I’d been researching Asian horror and urban myths and the story of the kuchisake-onna, the split-mouthed woman, struck a chord. I’d also been reading a lot of animal rescue stories, and I was fascinated by the drive of the hero complex. These ideas came together in my brain soup, and this is the story that resulted. 

I was lucky enough to workshop this story with Deborah Sheldon, a wonderful dark fiction author and my mentor during an Australasian Horror Writers’ Association mentorship. She whipped my writing, and this story, into shape. 


In Geneve’s second story “Little Worm,” Theresa bitterly agrees to return home to tend to her ageing mother who acts in increasingly strange ways, and is visited by an eerie, misshapen child. Then she learns of the ghastly covenant her mother made in order to bear the weight of self-sacrifice.

Here’s the story behind “Little Worm”:

GENEVE FLYNN: While writing another short story—“The Pontianak’s Doll,” I came across the toyol baby, or kwee kia, as it’s known in Chinese mythology. It prickled the skin across my scalp and I just knew I had to write about it.

As an Asian woman in a western world, I know firsthand the tug-of-war between filial piety and individualism. 

I wanted to explore the complicated emotions that rose from that conflict, and I wanted to examine the experience of being a female in a Chinese family. Most girls didn’t go to university or have careers when my mother was growing up. It was assumed that my clever, ambitious mother would have no other future than the dutiful daughter and subservient wife. There was no room for her dreams and aspirations. In this story, I imagined what would happen if those dreams and aspirations took form and became monstrous. 

I’d intended to write a story about a mother figure who was oppressive and unbending and cold (not at all like my real mother), but instead what emerged was a love letter of sorts to the complexity and strength of women in Chinese families. 

GRACE CHAN ( is a speculative fiction writer. Her family migrated from Malaysia to Australia before her first birthday. She writes near-future science fiction about medical technology, far-future landscapes of strange worlds, and psychological horror where the real and the unconscious bleed together.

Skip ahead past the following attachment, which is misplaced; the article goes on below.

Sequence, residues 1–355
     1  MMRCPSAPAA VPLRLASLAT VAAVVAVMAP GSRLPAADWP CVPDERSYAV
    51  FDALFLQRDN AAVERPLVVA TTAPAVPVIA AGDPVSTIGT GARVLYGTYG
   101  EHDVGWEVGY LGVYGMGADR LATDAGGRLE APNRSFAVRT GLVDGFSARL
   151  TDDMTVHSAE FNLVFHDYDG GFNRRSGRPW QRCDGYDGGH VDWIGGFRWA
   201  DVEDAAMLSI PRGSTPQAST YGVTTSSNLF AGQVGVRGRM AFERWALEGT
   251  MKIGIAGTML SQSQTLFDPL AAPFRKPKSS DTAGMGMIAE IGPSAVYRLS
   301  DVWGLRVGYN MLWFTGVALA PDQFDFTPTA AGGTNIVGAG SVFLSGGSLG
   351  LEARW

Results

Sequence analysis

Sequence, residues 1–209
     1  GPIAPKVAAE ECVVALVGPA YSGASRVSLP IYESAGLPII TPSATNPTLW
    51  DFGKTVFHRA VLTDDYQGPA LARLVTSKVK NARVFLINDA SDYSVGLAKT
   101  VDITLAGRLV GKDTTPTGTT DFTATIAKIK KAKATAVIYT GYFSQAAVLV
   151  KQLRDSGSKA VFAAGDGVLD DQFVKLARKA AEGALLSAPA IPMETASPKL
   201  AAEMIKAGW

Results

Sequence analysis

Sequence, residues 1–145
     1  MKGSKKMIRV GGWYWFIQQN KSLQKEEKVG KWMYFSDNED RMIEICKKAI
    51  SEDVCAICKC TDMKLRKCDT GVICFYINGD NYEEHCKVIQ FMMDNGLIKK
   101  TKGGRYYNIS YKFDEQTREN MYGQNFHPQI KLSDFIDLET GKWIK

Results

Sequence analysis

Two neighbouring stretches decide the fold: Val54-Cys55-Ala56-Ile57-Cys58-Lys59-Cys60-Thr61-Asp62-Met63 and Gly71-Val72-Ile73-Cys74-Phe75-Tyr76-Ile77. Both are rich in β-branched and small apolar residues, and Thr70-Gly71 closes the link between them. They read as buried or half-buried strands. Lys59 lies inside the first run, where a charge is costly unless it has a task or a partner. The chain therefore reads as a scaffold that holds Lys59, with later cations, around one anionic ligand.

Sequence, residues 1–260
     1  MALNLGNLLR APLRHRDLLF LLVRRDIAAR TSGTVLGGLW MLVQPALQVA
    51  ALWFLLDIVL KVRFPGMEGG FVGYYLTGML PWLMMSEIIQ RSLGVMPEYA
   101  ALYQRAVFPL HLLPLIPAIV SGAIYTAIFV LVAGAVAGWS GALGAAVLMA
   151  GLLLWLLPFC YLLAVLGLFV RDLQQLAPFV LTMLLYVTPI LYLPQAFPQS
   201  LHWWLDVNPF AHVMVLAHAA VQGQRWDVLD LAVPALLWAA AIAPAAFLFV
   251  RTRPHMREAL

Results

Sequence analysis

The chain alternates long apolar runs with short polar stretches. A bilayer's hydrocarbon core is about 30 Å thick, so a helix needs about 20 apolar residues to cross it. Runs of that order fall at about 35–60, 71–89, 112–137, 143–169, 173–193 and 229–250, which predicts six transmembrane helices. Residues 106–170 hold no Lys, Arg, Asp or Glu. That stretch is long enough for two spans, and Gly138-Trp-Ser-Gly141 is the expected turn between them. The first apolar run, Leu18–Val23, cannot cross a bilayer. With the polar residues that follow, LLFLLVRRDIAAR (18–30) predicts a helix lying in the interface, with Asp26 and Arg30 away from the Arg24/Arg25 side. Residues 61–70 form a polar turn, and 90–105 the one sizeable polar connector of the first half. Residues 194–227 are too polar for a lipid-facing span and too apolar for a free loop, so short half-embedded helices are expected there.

Her writing can be found in Clarkesworld, Going Down Swinging, Aurealis, Andromeda Spaceways Magazine, and Verge: Uncanny. She was shortlisted for Viva la Novella VII. Her short story “The Mark” has been nominated for the 2019 Aurealis Awards Best Horror Short Story. 

In her other life, she is a doctor. 

In Grace’s first story “Of Hunger and Fury,” Fiona returns with her husband to her home town on the anniversary of the murder of a local young woman. Reality, the past and the present bleed together until Fiona’s story becomes the young woman’s and together, they seek retribution and furious release. The story explores the cost of integration and the sense of being unmoored when part of a diaspora.

Grace reveals why she wrote “Of Hunger and Fury”:

GRACE CHAN: I wanted to write a ghost story. An eerie, gothic, sensual, Malaysian Chinese ghost story. I also wanted to write about women who’ve subjugated their own needs to others’—especially women caught between two cultures. There are several women in the story, although some are less visible. “Of Hunger and Fury” was difficult to write; it felt raw and scary and wrong. My story aims to be metaphorical and impressionistic, not explicit or didactic. I’m not trying to impart a lesson, but to inject you, the reader, into Fen Fang’s body: so that you can feel her feelings, grapple with her reality, and scramble as it distorts.